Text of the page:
Dawn did arrive and brought soft light across a sand-filled shore, but no one knew the sadness that the widow there did bore. The young new widow with bare feet and loneliness at heart, walked slowly down the sandy beach as rain began its start. Her path grew wetter with each mile as rain turned into pour, and soon it soaked her body full and clothing that she wore. An empty boat upon the sand came shortly into view, with awning cover on the deck but missing any crew. She stepped into the empty boat and left the heavy rain, but loneliness and sadness were both there to remain. The rain then slowed to quiet patter and silence was restored, except for one soft weak low cry from something still on board. She traced the sound to cabin door and opened it to find, a tiny baby on the floor, all sadness left her mind. The babe was wrapped in bunting clean, a flower in her hair, and cradled safely by the wall and one small baby chair. And on the chair she found a note with words too sad and tearful, but instantly her first big task was making baby cheerful. By now the reader of this poem must know the story’s ending, how fate sometimes can enter in and bring about some needful mending. The widow’s sadness left that day when one became a two, when all the prayers that she had said all suddenly came true.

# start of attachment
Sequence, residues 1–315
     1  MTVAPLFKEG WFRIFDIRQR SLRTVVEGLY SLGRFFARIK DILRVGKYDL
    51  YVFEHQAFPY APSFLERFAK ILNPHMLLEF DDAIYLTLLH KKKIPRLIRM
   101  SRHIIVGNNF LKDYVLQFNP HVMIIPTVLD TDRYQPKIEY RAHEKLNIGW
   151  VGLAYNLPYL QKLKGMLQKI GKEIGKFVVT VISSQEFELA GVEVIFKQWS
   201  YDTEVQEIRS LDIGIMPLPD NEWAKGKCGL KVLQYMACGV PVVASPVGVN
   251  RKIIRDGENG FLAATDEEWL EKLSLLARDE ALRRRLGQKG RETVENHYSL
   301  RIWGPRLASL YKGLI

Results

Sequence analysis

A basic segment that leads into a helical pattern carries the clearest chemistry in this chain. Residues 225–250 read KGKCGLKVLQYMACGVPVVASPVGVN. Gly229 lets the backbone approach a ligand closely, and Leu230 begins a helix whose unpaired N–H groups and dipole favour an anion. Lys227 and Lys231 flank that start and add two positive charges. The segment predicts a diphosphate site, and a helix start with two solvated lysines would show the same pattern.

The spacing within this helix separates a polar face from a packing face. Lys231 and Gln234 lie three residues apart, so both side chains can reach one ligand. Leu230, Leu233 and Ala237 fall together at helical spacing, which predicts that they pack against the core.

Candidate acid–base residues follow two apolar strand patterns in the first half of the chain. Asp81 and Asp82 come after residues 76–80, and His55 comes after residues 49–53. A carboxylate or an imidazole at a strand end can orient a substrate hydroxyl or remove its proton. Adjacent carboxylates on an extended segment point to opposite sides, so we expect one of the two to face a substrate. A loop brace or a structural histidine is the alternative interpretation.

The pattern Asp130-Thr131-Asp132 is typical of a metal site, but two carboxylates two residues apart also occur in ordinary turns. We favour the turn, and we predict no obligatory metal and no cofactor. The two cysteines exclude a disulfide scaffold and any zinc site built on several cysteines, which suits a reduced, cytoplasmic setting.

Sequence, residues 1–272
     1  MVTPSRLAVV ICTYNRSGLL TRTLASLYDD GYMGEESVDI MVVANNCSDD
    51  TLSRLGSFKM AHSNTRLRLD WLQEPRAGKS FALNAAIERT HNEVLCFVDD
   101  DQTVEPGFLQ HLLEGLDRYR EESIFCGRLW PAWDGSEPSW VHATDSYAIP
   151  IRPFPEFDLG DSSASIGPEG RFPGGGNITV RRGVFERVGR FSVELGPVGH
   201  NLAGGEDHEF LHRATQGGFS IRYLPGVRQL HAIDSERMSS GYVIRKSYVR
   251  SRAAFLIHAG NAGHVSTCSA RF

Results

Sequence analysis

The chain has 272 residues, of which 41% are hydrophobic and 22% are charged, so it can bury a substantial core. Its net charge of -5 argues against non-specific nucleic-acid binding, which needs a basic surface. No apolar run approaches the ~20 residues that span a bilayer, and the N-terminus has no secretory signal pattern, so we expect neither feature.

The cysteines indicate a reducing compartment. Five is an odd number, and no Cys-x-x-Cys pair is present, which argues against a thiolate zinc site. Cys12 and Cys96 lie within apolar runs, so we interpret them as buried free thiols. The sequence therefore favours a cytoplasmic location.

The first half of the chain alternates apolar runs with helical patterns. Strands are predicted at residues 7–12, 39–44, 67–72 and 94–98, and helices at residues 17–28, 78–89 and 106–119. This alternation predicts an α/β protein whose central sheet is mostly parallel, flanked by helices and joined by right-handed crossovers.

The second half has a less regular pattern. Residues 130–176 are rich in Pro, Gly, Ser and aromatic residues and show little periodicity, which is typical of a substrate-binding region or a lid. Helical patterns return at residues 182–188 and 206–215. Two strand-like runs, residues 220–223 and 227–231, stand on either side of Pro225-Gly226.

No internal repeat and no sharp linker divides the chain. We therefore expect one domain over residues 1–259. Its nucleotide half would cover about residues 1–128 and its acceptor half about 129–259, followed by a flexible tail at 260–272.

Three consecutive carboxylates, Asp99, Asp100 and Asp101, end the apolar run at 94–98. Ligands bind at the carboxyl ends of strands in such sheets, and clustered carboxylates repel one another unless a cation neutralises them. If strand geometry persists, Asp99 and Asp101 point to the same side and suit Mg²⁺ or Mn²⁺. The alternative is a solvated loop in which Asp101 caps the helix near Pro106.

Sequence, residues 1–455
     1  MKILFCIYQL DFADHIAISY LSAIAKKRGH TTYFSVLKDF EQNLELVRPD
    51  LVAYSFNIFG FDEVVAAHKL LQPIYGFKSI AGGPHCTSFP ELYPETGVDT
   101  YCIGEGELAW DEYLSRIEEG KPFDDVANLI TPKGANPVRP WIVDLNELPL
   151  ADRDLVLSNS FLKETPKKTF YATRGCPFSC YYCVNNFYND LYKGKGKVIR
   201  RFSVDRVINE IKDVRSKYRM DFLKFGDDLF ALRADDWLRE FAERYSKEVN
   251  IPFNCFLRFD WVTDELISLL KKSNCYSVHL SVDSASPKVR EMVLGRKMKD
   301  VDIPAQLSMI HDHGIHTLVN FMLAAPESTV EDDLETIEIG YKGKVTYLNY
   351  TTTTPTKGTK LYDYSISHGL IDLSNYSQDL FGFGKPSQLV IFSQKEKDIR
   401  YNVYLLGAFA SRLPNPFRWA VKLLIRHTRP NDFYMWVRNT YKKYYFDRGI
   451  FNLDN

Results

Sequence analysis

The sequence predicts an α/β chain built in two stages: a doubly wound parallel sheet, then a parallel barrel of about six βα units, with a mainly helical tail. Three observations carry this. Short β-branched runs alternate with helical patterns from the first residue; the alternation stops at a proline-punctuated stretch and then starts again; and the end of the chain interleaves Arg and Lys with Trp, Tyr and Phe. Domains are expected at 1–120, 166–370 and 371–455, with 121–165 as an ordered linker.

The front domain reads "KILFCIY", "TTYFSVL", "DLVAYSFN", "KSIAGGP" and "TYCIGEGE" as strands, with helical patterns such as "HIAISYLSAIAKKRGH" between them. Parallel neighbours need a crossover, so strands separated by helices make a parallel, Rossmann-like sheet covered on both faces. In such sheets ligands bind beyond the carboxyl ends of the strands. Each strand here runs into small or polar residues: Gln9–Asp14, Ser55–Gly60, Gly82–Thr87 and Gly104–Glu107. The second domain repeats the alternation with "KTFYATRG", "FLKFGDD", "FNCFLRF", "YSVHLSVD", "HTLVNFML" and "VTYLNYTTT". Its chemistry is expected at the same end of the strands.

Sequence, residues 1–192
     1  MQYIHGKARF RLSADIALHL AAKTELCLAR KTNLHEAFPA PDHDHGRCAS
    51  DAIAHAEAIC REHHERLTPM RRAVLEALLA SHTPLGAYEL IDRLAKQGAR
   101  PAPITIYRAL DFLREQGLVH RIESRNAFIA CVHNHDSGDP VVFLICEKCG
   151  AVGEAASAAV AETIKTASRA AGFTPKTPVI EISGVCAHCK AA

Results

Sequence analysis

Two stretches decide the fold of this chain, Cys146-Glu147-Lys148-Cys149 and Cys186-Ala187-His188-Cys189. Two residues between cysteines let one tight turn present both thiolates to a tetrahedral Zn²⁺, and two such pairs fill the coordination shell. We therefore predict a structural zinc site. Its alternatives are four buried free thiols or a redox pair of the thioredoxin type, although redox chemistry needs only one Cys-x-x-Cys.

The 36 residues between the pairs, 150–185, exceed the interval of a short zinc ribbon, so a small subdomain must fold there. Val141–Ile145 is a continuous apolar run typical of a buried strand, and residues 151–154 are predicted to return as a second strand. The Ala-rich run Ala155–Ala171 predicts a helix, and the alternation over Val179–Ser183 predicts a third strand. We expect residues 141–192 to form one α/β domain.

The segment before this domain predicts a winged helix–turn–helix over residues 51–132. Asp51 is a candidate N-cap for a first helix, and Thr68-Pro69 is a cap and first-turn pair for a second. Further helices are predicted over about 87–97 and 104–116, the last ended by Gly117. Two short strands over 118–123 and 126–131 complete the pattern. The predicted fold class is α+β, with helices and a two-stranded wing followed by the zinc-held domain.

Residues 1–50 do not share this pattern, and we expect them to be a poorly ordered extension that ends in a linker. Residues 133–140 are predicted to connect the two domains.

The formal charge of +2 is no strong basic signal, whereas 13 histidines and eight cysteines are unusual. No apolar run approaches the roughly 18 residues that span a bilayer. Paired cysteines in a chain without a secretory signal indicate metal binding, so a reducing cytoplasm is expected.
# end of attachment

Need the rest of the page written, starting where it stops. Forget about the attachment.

majored in journalism at NYU in the 50s; received my masters in business from there and worked for Equitable Life in NY for many years. When retired entered antique business and real estate; retired to Massachusetts and Florida; currently do a lot of volunteer work. Friends forced me into poetry due to much writing I had sent to them over the years. So I joined High On Poems. the end, warren